A prospective randomized study of the clinical efficacy and safety of transvenous cardioversion for termination of ventricular tachycardia.
The clinical efficacy and safety of transvenous cardioversion for termination of sustained ventricular tachycardia (VT) were examined by a prospective randomized study design in 22 patients (19 men, three women; mean age 64 +/- 9 years) with organic heart disease and sustained VT. Patients were randomly assigned to undergo an incremental low-energy protocol from 0.03 to 2.2 J (group A, 11 patients) or an incremental high-energy protocol from 0.5 to 10.0 J (group B, 11 patients). Transvenous cardioversion was performed during electrophysiologic studies in the control (drug-free) state and during serial antiarrhythmic drug testing in all patients. Both groups were comparable for demographic, disease and functional status, and electrophysiologic parameters. A total of 77 episodes of VT (group A, 45; group B, 32) were analyzed. The overall efficacy of transvenous cardioversion for termination of VT was 62% (group A 56% vs group B 72%; p less than .01). Antiarrhythmic drug therapy did not significantly enhance efficacy of transvenous cardioversion (control 59% vs drug 65%; p greater than .2). Stepwise discriminant analysis correlated successful transvenous cardioversion with longer VT cycle length (p less than .0005), higher energy (p less than .025), lower energy waveform tilt (p less than .025), shorter time to initial cardioversion attempt (p less than .025), and shorter QRS duration in sinus rhythm (p less than .05). Acceleration of VT was frequent (8% incidence per delivered shock). Thirty-one percent of all incremental shock protocols were terminated because of this complication. After cardioversion, transient arrhythmias were common (bradyarrhythmias 23%, supraventricular tachyarrhythmias 12%). Displacement of electrode catheters after transvenous cardioversion was uncommon (3%).(ABSTRACT TRUNCATED AT 250 WORDS)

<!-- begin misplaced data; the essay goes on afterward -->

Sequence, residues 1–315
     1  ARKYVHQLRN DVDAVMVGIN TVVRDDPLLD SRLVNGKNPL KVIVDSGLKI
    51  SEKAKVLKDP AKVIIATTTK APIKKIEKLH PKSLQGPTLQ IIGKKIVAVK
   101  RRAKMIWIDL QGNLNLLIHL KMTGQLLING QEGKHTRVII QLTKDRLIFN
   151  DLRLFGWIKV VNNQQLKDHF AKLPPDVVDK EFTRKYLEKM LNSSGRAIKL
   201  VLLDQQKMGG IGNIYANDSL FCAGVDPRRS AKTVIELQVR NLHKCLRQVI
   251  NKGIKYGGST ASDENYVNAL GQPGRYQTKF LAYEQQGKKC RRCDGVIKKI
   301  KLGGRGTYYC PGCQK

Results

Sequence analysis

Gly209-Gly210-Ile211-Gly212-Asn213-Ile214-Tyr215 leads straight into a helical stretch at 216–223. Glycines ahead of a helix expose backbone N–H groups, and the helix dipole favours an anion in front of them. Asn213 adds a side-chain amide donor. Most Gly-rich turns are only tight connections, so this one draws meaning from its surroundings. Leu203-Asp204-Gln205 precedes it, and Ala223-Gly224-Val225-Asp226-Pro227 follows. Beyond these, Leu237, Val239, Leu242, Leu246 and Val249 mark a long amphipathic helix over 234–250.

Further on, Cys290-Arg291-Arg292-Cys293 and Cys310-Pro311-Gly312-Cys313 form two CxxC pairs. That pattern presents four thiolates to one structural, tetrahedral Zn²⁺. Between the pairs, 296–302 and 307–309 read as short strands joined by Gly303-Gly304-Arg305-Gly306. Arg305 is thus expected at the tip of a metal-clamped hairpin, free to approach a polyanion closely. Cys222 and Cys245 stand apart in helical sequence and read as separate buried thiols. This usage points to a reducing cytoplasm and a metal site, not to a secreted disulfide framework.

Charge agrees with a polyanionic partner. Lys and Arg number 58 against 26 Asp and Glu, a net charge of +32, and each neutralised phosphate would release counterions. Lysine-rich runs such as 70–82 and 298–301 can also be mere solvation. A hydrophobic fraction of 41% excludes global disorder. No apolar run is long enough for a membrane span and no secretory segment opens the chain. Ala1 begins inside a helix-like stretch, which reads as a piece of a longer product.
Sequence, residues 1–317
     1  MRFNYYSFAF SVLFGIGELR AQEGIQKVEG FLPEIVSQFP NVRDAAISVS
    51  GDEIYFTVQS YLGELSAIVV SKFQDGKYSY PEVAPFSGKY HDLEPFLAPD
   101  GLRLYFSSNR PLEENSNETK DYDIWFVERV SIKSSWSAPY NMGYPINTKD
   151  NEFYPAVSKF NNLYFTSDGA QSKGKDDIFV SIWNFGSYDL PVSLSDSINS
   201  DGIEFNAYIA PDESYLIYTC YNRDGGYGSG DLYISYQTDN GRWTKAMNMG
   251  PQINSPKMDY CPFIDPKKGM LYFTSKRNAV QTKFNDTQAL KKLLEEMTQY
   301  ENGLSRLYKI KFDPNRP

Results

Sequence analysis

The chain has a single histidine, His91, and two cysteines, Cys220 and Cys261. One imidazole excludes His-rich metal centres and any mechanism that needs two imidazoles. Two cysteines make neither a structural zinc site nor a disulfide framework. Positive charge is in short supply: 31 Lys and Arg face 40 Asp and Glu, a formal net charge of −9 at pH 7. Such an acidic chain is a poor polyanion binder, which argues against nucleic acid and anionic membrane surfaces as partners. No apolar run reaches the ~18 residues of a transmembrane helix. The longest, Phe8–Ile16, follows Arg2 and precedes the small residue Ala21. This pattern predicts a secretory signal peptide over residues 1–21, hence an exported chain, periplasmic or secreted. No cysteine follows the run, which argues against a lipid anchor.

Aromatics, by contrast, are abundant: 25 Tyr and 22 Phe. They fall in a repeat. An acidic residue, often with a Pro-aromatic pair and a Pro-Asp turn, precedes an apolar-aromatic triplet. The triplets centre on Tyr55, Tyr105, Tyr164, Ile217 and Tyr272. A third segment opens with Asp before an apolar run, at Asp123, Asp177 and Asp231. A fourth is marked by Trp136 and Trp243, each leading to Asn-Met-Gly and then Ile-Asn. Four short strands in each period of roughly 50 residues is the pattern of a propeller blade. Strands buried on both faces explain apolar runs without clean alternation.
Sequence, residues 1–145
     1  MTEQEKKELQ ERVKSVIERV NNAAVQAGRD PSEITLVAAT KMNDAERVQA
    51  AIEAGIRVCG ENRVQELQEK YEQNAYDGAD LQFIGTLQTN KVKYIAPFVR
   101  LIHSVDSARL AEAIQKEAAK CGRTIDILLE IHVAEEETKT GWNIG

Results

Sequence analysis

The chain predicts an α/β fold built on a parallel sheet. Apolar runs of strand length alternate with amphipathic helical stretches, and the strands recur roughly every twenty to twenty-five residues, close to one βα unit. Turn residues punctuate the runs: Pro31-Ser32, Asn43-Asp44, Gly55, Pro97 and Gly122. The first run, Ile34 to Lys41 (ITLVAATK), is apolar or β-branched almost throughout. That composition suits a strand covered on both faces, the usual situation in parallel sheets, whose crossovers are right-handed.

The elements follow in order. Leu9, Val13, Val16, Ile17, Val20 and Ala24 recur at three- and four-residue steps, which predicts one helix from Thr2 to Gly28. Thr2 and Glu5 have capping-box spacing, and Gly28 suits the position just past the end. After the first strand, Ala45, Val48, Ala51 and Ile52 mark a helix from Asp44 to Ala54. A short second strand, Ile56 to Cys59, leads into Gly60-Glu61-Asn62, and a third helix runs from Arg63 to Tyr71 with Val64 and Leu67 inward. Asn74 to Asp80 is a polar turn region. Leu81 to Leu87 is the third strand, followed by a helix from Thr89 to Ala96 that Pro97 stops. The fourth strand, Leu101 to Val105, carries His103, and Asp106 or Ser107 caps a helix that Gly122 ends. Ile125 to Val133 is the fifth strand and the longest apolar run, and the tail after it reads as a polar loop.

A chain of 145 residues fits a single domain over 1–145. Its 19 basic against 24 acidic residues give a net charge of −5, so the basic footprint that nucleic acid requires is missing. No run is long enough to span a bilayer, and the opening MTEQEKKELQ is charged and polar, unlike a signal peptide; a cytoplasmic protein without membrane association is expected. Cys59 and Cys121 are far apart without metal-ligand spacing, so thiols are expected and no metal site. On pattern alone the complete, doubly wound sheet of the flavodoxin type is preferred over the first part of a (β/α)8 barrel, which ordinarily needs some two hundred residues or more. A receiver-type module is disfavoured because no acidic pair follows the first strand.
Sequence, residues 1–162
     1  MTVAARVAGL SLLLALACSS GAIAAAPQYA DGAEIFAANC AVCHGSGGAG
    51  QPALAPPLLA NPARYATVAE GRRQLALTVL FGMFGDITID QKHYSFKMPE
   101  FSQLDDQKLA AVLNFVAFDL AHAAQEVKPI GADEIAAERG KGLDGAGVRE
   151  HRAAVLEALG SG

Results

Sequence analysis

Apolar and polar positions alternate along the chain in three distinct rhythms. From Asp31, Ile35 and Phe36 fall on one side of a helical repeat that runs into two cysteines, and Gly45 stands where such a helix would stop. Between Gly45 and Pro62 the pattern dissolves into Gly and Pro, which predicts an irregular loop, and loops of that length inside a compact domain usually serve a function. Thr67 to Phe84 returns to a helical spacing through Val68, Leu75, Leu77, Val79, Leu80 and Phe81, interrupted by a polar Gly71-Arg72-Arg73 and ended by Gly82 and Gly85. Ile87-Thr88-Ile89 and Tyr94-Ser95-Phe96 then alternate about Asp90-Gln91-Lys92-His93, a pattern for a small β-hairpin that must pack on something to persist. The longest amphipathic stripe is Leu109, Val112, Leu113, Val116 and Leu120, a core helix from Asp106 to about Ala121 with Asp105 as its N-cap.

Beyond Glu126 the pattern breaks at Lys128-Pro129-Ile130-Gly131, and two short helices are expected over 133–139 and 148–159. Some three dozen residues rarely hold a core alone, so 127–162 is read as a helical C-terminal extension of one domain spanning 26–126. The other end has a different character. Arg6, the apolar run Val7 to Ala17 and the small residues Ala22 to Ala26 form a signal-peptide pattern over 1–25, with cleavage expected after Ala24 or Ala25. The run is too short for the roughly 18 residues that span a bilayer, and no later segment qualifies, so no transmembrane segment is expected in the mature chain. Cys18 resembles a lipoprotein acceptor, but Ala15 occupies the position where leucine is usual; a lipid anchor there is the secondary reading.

- Copyright © 1985 by American Heart Association